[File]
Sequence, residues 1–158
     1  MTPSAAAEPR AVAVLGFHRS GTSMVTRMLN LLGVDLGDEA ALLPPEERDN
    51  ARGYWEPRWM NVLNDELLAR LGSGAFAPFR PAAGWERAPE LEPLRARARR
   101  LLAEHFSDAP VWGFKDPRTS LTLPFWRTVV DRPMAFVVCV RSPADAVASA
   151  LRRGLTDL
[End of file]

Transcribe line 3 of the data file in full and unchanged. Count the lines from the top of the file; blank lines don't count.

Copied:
    51  ARGYWEPRWM NVLNDELLAR LGSGAFAPFR PAAGWERAPE LEPLRARARR